Many philosophers have held that it is not possible to experience a spatial object, property, or relation except against the background of an intact awareness of a space that is somehow ‘absolute’. This paper challenges that claim, by analyzing in detail the case of a brain-damaged subject whose visual experiences seem to have violated this condition: spatial objects and properties were present in his visual experience, but space itself was not. I go on to suggest that phenomenological argumentation (...)
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  9. The Contents of Visual Experience.Susannah Siegel - 2010 - Oxford University Press USA.
    What do we see? We are visually conscious of colors and shapes, but are we also visually conscious of complex properties such as being John Malkovich? In this book, Susanna Siegel develops a framework for understanding the contents of visual experience, and argues that these contents involve all sorts of complex properties. Siegel starts by analyzing the notion of the contents of experience, and by arguing that theorists of all stripes should accept that experiences have contents. She then introduces (...)
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  10.  60
    The Visual Presence of Determinable Properties.James Stazicker - 2018 - In Fabian Dorsch & Fiona Macpherson (eds.), Phenomenal Presence.
    Several essays in this volume exploit the idea that in visual experience, and in other forms of consciousness, something is present to consciousness, or phenomenally present to the experiencing subject. This is a venerable idea. Hume, for example, understood conscious experience in terms of the various items ‘present to the mind’. However, it is not obvious how the idea should be understood and there are grounds for worrying that there is no good way of making it precise. Here I (...)
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  11.  30
    Visual Working Memory Resources Are Best Characterized as Dynamic, Quantifiable Mnemonic Traces.Bella Z. Veksler, Rachel Boyd, Christopher W. Myers, Glenn Gunzelmann, Hansjörg Neth & Wayne D. Gray - 2017 - Topics in Cognitive Science 9 (1):83-101.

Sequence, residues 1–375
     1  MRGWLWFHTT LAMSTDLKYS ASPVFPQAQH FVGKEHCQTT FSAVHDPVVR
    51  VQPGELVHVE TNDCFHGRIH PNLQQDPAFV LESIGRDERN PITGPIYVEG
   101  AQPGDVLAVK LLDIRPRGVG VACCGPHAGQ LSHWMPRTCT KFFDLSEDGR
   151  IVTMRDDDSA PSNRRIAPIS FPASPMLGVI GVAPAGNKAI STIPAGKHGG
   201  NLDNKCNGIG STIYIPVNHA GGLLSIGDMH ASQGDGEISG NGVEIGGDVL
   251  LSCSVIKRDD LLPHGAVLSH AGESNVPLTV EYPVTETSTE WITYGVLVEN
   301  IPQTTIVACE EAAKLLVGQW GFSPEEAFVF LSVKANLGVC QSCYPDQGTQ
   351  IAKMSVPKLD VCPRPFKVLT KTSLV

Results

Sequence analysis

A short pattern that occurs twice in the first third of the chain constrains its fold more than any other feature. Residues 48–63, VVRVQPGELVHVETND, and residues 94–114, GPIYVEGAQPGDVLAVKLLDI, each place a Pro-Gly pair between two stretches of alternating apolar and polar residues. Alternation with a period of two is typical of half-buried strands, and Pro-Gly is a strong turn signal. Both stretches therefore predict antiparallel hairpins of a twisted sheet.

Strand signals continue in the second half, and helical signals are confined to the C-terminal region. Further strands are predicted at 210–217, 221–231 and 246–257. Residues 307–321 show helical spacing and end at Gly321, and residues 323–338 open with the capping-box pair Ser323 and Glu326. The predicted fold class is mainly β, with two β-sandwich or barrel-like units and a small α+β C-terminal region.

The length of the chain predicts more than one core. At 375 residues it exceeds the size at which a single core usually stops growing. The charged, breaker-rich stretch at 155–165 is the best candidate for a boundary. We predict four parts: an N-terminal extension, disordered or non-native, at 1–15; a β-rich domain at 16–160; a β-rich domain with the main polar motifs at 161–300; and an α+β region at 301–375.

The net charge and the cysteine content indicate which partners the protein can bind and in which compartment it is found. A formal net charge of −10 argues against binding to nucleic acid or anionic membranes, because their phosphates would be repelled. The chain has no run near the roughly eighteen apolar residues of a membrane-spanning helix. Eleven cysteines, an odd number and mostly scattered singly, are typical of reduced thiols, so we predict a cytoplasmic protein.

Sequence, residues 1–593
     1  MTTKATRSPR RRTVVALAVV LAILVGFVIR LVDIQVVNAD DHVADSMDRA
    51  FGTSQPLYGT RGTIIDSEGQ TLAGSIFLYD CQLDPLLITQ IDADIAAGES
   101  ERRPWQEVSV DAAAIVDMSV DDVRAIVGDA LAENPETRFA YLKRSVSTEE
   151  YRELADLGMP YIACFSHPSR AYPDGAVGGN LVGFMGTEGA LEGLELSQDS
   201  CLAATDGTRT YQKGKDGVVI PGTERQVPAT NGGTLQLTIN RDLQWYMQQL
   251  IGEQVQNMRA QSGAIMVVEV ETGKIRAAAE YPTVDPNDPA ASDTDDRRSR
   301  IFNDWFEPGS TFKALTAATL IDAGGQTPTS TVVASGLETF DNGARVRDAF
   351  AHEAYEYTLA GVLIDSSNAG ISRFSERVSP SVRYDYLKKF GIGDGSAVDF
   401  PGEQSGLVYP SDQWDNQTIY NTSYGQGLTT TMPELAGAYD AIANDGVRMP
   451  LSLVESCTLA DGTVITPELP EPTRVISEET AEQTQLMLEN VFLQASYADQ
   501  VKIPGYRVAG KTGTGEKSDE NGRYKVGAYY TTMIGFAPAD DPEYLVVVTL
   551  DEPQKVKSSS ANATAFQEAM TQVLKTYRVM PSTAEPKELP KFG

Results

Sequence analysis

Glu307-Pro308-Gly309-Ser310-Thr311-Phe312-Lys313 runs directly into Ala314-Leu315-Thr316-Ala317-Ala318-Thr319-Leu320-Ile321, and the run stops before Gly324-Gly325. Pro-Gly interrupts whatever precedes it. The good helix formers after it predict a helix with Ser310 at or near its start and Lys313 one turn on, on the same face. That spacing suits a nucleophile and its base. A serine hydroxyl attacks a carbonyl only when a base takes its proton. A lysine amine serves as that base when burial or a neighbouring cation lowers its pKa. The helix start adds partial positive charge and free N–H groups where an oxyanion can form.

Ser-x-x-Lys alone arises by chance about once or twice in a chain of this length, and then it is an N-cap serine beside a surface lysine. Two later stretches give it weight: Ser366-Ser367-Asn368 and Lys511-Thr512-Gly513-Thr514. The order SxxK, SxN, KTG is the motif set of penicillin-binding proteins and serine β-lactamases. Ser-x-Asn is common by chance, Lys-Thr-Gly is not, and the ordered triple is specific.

Visual working memory is a construct hypothesized to store a small amount of accurate perceptual information that can be brought to bear on a task. Much research concerns the construct's capacity and the precision of the information stored. Two prominent theories of VWM representation have emerged: slot-based and continuous-resource mechanisms. Prior modeling work suggests that a continuous resource that varies over trials with variable capacity and a potential to make localization errors best accounts for the empirical data. Questions remain (...)
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  12.  35
    Visual Routines.Shimon Ullman - 1984 - Cognition 18 (1-3):97-159.
  13.  35
    Should Visual Arguments Be Propositional in Order to Be Arguments?Georges Roque - 2015 - Argumentation 29 (2):177-195.
    An important issue for visual argumentation is its relationship to propositions, since it has been argued that, in order to be arguments, images should be propositional. The first part of the paper will approach this debate from a theoretical perspective. After quickly surveying the field on the issue, I will address the relationship between images and propositions. Three specific questions will be examined: can propositions accurately account for the way images express arguments?; are verbal propositions necessary to reconstruct arguments (...)
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  14. Visual Qualia and Visual Content.Michael Tye - 1992 - In Tim Crane (ed.), The Contents of Experience. Cambridge University Press. pp. 158--176.
  15.  25
    Visual Imagery for Words: The Hebb Test.Robert J. Weber & Roger Harnish - 1974 - Journal of Experimental Psychology 102 (3):409-414.
  16. Primary Visual Cortex and Visual Awareness.Frank Tong - 2003 - Nature Reviews Neuroscience 4 (3):219-229.